TL;DR: The Idea of Evolution: Its Scope and Implications and the Old Worldview and the New The Possibilities of Change The Nature of Science The Historian's Problems.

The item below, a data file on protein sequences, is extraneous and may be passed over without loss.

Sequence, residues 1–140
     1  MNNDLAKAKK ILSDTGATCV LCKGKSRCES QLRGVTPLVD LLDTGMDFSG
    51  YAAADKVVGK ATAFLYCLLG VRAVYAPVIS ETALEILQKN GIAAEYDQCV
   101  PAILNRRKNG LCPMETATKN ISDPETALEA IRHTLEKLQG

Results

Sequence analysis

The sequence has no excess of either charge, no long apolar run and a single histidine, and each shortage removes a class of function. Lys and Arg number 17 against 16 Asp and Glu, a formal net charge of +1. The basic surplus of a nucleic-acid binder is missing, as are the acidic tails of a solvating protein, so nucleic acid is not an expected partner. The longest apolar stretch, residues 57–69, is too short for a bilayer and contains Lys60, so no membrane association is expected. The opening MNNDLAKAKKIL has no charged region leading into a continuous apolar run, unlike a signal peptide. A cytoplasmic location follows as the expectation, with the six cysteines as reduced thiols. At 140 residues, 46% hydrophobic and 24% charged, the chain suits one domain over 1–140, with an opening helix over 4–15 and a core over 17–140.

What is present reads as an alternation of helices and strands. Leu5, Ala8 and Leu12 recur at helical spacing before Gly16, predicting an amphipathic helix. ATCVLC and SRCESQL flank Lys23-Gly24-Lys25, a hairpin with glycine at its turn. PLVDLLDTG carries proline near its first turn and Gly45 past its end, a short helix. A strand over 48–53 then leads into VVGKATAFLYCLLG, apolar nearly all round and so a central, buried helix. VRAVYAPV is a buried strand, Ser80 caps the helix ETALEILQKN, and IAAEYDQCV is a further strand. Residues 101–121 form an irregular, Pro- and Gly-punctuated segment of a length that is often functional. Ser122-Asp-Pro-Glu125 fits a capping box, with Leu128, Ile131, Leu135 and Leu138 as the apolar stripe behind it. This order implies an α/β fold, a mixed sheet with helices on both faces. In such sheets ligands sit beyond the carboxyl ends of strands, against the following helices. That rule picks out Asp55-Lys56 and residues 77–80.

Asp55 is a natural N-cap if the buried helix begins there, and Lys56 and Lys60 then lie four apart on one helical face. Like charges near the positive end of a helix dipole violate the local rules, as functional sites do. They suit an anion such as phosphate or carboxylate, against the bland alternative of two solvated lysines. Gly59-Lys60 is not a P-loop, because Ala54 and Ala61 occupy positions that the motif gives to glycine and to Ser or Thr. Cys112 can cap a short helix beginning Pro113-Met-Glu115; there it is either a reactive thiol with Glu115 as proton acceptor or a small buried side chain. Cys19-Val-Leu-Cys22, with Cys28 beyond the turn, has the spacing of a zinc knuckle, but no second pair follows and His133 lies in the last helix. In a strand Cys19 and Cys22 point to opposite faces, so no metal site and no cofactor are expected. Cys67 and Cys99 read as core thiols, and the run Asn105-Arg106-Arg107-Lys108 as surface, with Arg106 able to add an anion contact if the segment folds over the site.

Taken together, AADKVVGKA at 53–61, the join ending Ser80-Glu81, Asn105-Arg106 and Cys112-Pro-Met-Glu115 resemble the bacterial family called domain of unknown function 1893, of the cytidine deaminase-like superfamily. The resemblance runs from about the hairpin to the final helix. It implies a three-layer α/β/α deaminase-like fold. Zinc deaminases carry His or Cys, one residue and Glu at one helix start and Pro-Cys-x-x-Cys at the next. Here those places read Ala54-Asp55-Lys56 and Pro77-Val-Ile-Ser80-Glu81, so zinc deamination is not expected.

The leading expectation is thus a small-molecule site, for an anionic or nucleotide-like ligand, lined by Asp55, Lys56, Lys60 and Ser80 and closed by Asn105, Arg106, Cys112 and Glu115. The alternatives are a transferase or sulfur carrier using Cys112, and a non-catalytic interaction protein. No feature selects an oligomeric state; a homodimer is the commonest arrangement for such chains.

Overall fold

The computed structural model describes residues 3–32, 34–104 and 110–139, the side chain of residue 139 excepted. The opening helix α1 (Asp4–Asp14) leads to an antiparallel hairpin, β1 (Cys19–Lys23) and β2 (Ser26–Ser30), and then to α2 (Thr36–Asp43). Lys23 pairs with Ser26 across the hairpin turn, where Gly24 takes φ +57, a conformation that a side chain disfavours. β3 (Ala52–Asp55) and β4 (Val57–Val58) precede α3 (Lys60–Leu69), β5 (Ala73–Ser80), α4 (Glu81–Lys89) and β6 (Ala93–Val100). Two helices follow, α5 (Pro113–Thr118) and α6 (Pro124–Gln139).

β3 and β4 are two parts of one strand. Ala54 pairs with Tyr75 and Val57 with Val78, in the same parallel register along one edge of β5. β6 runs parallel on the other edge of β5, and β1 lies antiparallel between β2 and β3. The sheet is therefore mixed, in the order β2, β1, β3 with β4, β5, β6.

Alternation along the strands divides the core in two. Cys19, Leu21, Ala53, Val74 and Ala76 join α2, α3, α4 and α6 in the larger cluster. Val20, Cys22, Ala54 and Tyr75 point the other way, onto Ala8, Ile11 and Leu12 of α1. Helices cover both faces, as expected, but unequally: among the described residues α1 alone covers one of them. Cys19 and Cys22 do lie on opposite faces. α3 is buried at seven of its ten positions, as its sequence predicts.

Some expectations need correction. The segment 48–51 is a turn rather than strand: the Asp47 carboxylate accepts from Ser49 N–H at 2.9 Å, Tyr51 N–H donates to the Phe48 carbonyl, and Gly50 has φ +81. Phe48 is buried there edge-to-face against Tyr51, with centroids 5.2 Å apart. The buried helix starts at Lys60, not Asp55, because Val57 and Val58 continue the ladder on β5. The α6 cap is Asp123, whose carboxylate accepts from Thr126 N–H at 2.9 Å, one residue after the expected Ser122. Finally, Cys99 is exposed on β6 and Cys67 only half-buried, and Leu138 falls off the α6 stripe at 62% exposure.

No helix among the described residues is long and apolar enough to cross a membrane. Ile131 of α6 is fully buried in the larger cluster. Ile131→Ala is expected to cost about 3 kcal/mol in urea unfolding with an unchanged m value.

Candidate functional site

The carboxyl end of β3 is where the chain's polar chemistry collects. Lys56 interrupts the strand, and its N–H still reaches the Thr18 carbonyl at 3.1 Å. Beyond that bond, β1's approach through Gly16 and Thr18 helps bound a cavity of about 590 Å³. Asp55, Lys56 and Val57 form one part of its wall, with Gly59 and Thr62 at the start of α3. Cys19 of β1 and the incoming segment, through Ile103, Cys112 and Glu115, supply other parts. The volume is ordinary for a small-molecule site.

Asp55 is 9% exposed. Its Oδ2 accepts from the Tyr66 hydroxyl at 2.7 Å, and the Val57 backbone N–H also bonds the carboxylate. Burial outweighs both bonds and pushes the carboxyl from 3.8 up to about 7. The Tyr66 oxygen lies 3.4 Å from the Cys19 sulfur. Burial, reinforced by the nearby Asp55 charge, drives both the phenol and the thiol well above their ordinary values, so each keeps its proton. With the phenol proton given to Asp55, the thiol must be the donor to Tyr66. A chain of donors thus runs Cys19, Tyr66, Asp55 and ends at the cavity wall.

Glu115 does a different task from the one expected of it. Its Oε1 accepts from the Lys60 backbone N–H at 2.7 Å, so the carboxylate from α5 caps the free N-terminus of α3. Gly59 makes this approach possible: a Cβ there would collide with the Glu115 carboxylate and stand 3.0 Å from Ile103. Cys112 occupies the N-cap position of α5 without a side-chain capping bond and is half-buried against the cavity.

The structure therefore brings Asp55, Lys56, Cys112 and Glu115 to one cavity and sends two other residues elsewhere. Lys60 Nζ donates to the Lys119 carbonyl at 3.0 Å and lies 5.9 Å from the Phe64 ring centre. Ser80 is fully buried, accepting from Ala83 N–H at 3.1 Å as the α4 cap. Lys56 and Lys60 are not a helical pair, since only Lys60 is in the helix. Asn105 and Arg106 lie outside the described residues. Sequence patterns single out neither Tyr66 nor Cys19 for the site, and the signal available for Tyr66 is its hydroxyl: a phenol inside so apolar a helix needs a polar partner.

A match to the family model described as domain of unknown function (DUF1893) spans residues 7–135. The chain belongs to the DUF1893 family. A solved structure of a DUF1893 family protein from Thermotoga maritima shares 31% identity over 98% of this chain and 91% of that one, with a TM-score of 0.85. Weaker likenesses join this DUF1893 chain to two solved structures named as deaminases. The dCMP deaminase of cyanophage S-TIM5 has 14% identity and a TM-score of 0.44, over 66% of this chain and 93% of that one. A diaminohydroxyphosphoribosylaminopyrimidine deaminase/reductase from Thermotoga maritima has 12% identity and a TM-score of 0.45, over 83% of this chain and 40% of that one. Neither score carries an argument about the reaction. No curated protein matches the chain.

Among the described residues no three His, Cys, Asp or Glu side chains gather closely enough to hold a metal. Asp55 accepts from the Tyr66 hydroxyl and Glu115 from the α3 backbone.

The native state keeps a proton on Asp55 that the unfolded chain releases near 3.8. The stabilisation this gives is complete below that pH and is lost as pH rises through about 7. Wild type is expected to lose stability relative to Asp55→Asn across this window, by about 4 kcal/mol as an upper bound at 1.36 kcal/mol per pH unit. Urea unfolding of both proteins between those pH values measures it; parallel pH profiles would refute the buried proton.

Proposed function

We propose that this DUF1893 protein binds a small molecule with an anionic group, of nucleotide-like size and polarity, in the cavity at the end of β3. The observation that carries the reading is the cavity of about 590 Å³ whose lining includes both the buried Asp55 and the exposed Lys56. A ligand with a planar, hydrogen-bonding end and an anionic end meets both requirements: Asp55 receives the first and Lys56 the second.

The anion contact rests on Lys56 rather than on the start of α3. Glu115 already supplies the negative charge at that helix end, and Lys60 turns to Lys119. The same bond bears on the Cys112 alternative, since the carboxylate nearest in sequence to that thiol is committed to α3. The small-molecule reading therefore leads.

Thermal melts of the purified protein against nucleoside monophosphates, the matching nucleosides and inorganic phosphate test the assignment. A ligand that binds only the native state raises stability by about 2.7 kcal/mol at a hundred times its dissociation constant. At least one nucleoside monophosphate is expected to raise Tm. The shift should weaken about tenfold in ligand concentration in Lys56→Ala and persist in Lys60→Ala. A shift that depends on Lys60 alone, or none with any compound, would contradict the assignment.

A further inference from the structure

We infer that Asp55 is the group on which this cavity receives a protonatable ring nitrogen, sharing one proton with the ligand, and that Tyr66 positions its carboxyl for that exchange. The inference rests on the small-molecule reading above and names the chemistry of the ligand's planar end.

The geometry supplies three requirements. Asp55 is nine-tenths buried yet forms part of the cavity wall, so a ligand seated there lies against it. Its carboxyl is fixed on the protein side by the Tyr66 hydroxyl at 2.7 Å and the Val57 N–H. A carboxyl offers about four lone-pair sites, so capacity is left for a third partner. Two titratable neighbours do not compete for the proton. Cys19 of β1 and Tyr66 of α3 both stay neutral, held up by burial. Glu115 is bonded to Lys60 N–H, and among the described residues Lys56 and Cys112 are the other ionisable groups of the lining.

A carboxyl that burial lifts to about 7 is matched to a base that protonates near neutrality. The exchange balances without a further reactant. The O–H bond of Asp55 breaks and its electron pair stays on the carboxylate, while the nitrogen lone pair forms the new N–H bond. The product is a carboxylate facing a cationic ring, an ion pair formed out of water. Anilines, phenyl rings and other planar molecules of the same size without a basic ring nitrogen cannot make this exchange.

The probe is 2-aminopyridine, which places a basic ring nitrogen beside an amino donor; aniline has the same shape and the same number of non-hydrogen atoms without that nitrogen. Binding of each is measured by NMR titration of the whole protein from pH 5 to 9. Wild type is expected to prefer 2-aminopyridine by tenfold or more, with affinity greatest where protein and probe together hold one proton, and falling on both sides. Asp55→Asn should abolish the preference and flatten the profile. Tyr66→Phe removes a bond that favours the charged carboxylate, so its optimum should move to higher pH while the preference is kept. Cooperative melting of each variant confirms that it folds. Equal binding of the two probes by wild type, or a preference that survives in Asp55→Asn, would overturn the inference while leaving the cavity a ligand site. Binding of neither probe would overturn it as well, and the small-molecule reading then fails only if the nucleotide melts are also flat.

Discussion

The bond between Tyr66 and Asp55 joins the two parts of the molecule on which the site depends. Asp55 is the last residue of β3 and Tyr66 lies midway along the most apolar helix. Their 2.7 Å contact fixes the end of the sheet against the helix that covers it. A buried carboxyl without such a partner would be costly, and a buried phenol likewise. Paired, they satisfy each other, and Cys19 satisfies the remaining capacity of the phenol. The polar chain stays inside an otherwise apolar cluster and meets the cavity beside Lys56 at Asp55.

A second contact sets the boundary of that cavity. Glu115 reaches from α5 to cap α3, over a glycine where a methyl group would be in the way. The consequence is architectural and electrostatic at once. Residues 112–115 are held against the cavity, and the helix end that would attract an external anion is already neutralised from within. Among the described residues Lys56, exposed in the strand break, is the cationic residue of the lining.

Abstract: List of Illustrations Preface to the Third Edition Preface to the First Edition 1 The Idea of Evolution: Its Scope and Implications The Old Worldview and the New The Possibilities of Change The Nature of Science The Historian's Problems 2 The Pre-evolutionary Worldview Human History Theories of the Earth The Meaning of Fossils Natural Theology The New Natural History The Problem of Generation 3 Evolution in the Enlightenment Human Nature The Origin of Society The History of the Earth The Chain of Being The New Classification The New Theories of Generation The Materialists The First Transmutationists 4 Nature and Society, 1800-1859 The Invention of Progress The Framework of Science Georges Cuvier: Fossils and the History of Life Catastrophism and Natural Theology in Britain The Philosophical Naturalists Radical Science The Principle of Uniformity The Vestiges of Creation 5 The Development of Darwin's Theory Darwin's Early Career The Crucial Years: 1836-1839 Development of the Theory, 1840-1859 Wallace and Publication of the Theory 6 The Reception of Darwin's Theory The Foundations of Darwinism The Scientific Debate Darwinism and Design Human Origins Evolution and Progress 7 The Eclipse of Darwinism: Scientific Evolutionism, 1875-1925 Reconstructing the History of Life The Age of the Earth Neo-Lamarckism Orthogenesis Neo-Darwinism Mendelism and the Mutation Theory 8 Evolution, Society, and Culture, 1875-1925 The Missing Link The Origins of Culture and Society Evolution and Race Social Evolutionism Biological Determinism Neo-Lamarckism and Society Evolution and Philosophy Evolution and Religion 9 The Evolutionary Synthesis Population Genetics The Modern Synthesis The Origin of Life Wider Implications of the Synthesis 10 Modern Debates and Developments The History of Life Human Origins Sociobiology and Ultra-Darwinism Opponents of Ultra-Darwinism Anti-Darwinians Darwinism not Scientific? Creationism Bibliography Index